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Father's advice to son is 'write stuff'

Happy Mother's Day, Mom

By John Breneman

Uh, hi Mom. I just wanted to say, uh, Happy Mothers Day. And thank you ... for literally everything.

Like for that time back in '61 when you went to the hospital and it was really painful, but you hung in there, and then when you came home, you were holding me in your arms. Or all those times when I made Winnie-the-Pooh and you got me cleaned up, good as new.

Have I ever mentioned that I am eternally grateful for the approximately 8-12 tons of food you have given me over the years, even, in retrospect, the 14 kilograms of lima beans. (I only ate three kilos though, the other 11 are hidden in a crawl space in our old house in Pennsylvania.)

And thank you for the nice DNA. I really am enjoying it and promise never to monkey around with cloning or tissue regeneration.

Oh and while I think of it, thanks for the name. I know it must have hurt your feelings when I was about 8 and I announced that I didn't really like the name John. When I decided there were too many of us at school, and so could you please just call me Catfish from now on?

Talk about humoring a kid. I'll never forget my birthday cake that year. Eight candles and "Happy Birthday, Catfish" in sweet cursive frosting.

Now that I'm older and wiser I also feel I should thank you for putting up with my (inherited?) eccentricities, even when I refer to myself by my favorite pseudonym. You know the one: Arturo DiMaunchie.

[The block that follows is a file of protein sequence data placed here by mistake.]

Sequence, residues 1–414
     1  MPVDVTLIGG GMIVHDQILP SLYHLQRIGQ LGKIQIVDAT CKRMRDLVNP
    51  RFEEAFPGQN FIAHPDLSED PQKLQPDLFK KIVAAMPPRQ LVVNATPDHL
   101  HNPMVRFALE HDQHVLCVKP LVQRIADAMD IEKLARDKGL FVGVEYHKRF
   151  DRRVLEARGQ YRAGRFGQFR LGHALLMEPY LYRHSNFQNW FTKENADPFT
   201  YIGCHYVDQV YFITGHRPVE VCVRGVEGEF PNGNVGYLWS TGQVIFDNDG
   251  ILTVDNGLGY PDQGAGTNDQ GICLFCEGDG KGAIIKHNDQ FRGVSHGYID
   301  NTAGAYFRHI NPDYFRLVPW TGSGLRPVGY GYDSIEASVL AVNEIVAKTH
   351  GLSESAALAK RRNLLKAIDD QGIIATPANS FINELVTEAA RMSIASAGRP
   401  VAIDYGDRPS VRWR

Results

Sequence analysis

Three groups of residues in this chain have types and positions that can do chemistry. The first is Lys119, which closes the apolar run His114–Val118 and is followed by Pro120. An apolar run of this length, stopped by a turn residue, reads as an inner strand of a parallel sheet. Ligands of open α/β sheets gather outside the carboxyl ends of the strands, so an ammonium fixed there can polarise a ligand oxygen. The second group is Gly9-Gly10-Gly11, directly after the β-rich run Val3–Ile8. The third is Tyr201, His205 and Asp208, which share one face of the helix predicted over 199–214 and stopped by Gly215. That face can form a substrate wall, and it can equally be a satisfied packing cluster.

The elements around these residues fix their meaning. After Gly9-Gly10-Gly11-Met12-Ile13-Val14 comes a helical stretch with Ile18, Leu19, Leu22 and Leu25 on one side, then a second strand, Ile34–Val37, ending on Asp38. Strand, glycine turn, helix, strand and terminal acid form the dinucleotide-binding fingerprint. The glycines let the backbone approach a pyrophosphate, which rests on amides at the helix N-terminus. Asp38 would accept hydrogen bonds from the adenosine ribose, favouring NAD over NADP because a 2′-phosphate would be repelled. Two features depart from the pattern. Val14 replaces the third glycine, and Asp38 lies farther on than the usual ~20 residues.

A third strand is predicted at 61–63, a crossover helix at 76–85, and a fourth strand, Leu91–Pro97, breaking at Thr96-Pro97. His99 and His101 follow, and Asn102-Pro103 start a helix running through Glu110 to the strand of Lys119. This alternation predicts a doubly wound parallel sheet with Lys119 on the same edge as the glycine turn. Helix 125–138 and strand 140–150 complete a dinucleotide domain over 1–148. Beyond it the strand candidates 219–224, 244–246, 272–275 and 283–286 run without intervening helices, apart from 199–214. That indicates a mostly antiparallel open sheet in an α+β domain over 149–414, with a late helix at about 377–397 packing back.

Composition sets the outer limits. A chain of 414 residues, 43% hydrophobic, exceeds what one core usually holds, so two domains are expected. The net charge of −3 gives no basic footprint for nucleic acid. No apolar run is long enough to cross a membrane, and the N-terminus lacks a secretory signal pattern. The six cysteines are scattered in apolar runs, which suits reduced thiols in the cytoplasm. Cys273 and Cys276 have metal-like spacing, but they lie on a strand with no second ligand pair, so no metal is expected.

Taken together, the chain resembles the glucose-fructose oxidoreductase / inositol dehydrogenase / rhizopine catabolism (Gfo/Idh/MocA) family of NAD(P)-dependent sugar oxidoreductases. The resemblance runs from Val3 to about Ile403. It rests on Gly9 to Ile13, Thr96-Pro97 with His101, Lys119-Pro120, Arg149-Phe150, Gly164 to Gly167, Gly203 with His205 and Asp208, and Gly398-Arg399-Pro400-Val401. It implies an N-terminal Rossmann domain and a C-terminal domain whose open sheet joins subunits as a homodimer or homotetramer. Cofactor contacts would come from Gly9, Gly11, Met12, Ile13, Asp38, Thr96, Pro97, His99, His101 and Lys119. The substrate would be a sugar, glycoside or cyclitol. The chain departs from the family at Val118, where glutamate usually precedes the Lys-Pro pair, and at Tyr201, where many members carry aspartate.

This is a family newspaper, but I guess its OK to mention that my rump still thanks you for your philosophical opposition to corporal punishment. (P.S. Thanks too for firing that mean baby sitter who spanked me with my Hot Wheels track.)

And may I please express my enduring gratitude for teaching me to be polite. I don't know what you did, but I get a huge kick out of being extra polite to people. Thank you, my dear mother, for this and so many other simple gifts.

Thank you also for these things:
-- For the way you took care of everything, all the while letting Dad think he was really calling the shots.

-- For that time when I lied to you, remember? About my involvement in the Iran-Contra scandal. And you said, "Hmmm, is that what really happened?" And of course I broke down and told the truth, learning from you that it was better to be honest than to go on trying to protect President Reagan and Oliver North.

-- For stopping me from wearing those blue pants with the extra-hideous stripe embroidered down each leg to school for the fourth straight day back in '72.

-- For not panicking when I got Ds in penmanship from Mr. Mariner in the fifth grade because you knew that what I wrote was much more important than how it looked on a piece of paper, and that it was essential to encourage and nurture an active imagination in your children.